If you’re planning to move your home during a hurricane, you now have two homes to worry about. But no worries! Even though you may be not able to do anything about your future home before taking possession, if it sustains significant damage, you might change your mind about the place. Worst case scenario you may need to find temporary living quarters until you can get in to your new home. 

Don’t forget to protect your current home. You don’t want to worry about losing a security deposit or having a buyer back out because you didn’t want to take extra steps to board windows or protect the structure where possible. Property owners and renters should be sure to insure their homes against flooding. Sometimes many people do not realize it is not a part of standard home and renter’s insurance. Tenants and home owners can contact their renters or home insurance provider to buy flood insurance, and they should do so even if they do not live right along the coastline.

Be packed and Ready 

Those living in or near hurricane areas should make copies of proof of ownership documents of any property not limited to their homes, cars and boats. These documents can be stored in the hurricane kit or in any safe location that does not risk being damaged during the hurricane. This is a common emergency preparedness tip as well as a common moving day tip—making it even more important when disaster coincidences with moving day.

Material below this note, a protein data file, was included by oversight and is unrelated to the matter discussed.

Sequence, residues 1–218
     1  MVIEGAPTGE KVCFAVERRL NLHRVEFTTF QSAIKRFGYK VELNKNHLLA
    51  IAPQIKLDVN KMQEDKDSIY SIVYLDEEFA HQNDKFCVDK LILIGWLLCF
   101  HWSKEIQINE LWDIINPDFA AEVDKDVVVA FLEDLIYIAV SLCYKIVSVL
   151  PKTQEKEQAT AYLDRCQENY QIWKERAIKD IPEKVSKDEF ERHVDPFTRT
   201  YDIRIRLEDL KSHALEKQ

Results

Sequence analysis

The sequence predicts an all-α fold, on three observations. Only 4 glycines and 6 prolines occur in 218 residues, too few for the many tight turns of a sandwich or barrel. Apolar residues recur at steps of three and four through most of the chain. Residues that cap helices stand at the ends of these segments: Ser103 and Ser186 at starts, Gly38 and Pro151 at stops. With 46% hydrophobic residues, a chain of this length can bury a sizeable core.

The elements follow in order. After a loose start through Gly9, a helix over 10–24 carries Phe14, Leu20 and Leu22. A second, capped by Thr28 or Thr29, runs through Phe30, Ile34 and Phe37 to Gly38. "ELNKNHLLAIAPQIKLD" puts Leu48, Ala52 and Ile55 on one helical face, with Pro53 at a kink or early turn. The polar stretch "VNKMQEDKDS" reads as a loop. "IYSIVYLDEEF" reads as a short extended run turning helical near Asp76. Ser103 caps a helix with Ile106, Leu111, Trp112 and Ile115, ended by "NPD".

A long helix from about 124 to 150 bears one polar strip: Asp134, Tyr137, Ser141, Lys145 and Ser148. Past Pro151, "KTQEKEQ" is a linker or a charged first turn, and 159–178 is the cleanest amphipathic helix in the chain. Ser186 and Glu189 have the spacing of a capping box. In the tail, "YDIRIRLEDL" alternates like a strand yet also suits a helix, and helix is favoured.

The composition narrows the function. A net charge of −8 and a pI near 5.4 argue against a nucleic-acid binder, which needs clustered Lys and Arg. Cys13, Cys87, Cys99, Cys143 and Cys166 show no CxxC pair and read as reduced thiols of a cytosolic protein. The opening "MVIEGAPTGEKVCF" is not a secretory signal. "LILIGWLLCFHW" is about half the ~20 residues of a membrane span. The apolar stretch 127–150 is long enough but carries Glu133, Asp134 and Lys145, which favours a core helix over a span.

The first hurricane safety tip is to make sure to keep the following items handy before the hurricane starts. That way, you have them if you need to evacuate. Also, make sure to store it in something that will be easy to carry, waterproof, and secure. For example, a backpack or duffle bag.

Make sure you have all critical documents together and easily accessible. Such as, insurance policies, birth certificates, titles of ownership, passports, checkbooks, health cards and social security numbers, etc. This should all be a part of your emergency package. This way you have all your most important information safe and protected from any possible issue.

Inform Your Moving Company

After realizing that you may be moving during a possible hurricane, make sure to call your moving company. Also, your present and future landlords to discuss options. If it happens to be the off season or a slow period, they might be able to reschedule your moving day. That way, you could be settled in your new place before the hurricane even arrives.